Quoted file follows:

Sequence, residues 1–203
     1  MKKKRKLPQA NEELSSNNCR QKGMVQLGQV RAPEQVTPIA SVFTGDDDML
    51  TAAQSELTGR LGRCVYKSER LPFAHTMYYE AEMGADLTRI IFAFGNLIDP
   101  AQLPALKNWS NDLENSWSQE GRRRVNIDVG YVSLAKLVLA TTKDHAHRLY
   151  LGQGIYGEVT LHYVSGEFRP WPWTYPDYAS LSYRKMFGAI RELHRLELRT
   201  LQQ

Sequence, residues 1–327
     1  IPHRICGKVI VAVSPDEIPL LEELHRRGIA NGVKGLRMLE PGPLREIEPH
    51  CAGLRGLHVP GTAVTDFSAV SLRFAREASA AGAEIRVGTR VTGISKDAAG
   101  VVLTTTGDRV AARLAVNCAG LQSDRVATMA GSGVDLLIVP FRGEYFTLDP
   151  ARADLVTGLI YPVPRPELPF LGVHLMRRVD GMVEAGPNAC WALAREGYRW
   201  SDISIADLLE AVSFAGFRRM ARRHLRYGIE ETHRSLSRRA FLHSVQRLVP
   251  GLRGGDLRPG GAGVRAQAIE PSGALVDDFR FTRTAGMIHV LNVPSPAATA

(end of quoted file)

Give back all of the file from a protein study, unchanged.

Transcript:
Sequence, residues 1–203
     1  MKKKRKLPQA NEELSSNNCR QKGMVQLGQV RAPEQVTPIA SVFTGDDDML
    51  TAAQSELTGR LGRCVYKSER LPFAHTMYYE AEMGADLTRI IFAFGNLIDP
   101  AQLPALKNWS NDLENSWSQE GRRRVNIDVG YVSLAKLVLA TTKDHAHRLY
   151  LGQGIYGEVT LHYVSGEFRP WPWTYPDYAS LSYRKMFGAI RELHRLELRT
   201  LQQ

Sequence, residues 1–327
     1  IPHRICGKVI VAVSPDEIPL LEELHRRGIA NGVKGLRMLE PGPLREIEPH
    51  CAGLRGLHVP GTAVTDFSAV SLRFAREASA AGAEIRVGTR VTGISKDAAG
   101  VVLTTTGDRV AARLAVNCAG LQSDRVATMA GSGVDLLIVP FRGEYFTLDP
   151  ARADLVTGLI YPVPRPELPF LGVHLMRRVD GMVEAGPNAC WALAREGYRW
   201  SDISIADLLE AVSFAGFRRM ARRHLRYGIE ETHRSLSRRA FLHSVQRLVP
   251  GLRGGDLRPG GAGVRAQAIE PSGALVDDFR FTRTAGMIHV LNVPSPAATA